Originally published at MinnPost,com, Tuesday, June 8, 2010
It’s been four years since Stacey Kent last performed at the Dakota — on March 14, 2006, to be precise. During that time, she released her first CD on Blue Note, the Grammy-nominated “Breakfast on the Morning Tram” (2007); was awarded the Chevalier des Arts et Lettres by France; studied Portuguese; made her second Blue Note CD, “Raconte-moi ...” (2010); and battled breast cancer. Her husband, saxophonist Jim Tomlinson, began wearing his hair like a Sumo wrestler, pulled back and tied in a knot at the back of his head.
She’s on tour for “Raconte-moi,” just released and sung entirely in French. (“Breakfast” includes two French songs; the new CD is the whole baguette). Because the first set on Monday ran long, the second started shortly after 10 p.m.
Kent’s opening song was Antonio Carlos Jobim’s widely covered “Waters of March.” He originally wrote it in both Portuguese and English; she sang it in French (“Les Eaux de Mars”). Jobim’s masterpiece is a high-wire act, basically three notes with leaps in between and tricky lyrics (a sampler, in English: “It’s a sliver of glass/It is life, it’s the sun/It is night, it is death/It’s a trap, it’s a gun. ...”). She made it sound relaxed and easy, her lovely voice twining with Tomlinson’s soprano sax.
From there, we heard a selection of songs from several recordings: the title tracks from “Breakfast on the Morning Tram” and “Raconte-moi,” two bossa novas, including Jobim’s “Corcovado” from Tomlinson’s CD “The Lyric” (2006), “Makin’ Whoopee” and “Say It Isn’t So” from “The Boy Next Door” (2003), “One for My Baby” from “Let Yourself Go” (2000), Kent’s homage to Fred Astaire. For the bossa novas, she played guitar. She sat quietly as her husband and the band played “Alfie,” Tomlinson’s tenor sax sighing with regret.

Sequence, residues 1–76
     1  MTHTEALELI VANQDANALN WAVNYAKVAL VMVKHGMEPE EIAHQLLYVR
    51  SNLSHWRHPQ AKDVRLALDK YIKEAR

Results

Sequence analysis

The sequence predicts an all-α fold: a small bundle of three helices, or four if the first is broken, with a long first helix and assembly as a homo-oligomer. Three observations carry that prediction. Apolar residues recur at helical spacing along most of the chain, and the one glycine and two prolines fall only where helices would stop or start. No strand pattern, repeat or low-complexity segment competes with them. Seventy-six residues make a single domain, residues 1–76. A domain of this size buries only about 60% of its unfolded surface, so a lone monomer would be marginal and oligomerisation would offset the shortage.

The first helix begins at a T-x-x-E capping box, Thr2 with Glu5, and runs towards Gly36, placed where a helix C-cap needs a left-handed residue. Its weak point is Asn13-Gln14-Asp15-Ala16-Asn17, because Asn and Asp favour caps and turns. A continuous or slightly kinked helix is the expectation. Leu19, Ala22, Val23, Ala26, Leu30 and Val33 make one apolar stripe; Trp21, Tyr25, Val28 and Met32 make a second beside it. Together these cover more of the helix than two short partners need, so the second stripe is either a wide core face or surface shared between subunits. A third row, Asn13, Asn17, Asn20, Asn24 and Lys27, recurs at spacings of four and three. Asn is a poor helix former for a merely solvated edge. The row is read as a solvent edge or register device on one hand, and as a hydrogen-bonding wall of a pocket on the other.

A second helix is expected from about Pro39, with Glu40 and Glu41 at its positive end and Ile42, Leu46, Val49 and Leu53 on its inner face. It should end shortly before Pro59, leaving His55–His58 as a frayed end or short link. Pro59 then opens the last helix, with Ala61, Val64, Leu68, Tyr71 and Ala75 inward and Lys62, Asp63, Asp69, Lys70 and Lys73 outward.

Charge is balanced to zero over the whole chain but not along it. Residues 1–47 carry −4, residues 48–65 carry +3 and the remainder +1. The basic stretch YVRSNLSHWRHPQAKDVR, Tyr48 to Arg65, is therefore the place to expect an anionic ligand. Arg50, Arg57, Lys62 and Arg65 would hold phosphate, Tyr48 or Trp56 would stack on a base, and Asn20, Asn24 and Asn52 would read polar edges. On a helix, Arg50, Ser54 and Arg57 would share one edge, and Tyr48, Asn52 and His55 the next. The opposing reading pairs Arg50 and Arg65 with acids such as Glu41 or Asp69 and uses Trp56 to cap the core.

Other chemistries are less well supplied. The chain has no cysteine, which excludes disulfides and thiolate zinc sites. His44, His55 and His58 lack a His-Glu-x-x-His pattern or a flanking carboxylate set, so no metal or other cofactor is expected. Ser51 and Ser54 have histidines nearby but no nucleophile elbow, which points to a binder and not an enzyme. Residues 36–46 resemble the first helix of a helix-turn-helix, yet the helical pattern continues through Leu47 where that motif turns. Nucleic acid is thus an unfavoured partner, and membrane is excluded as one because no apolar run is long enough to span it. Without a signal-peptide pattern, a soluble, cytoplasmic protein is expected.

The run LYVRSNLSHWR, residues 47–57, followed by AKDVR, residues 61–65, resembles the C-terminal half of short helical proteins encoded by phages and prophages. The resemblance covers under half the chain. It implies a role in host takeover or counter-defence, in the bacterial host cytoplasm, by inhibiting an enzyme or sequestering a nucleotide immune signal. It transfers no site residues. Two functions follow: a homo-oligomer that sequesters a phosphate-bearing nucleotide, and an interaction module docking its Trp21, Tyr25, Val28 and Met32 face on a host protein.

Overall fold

In between, she told stories, the longest about her French connection: a grandfather who taught her to recite French poetry. Kent enjoys talking with the crowd, so much that she sometimes gets trapped temporarily in a dead end of her own devising. Tonight it was something about the French having a head-heart connection, Brits not having it, and Americans being all heart.
Later she riffed on “delicious,” noting that French journalists love the word and using it to describe her band. Part of the great pleasure of seeing Kent live is the warm, romantic interplay between her and Tomlinson, married 19 years this August. Art Hirahara on piano, Gordon Johnson on bass, and Phil Hey on drums really are delicious, a perfect blend of sound and rhythm that supports Kent’s singing and Tomlinson’s playing.
Kent’s voice is sensual and sweet, with flutters like silk in a breeze. She can also swing hard, which she did on “Makin’ Whoopee” (not a happy song, despite its title). And she can fill a lyric to bursting with emotion. Irving Berlin’s “Say It Isn’t So” (“Everyone is saying you don’t love me/Say it isn’t so”) is now officially the saddest song I have ever heard.
At one point, Kent spoke of her love for bossa nova. “I’m obsessed, possessed, impassioned and engrossed,” she told the crowd. Effusive, too. Hearing her speak and sing, it’s evident how much she loves words and languages. English alone isn’t enough for her anymore.
Stacey Kent and her band are here for one more night at the Dakota, 1010 Nicollet Mall, Minneapolis. Shows tonight (Tuesday, June 8) at 7 p.m. and 9:30 p.m. ($35/$25). Tickets at the door or online.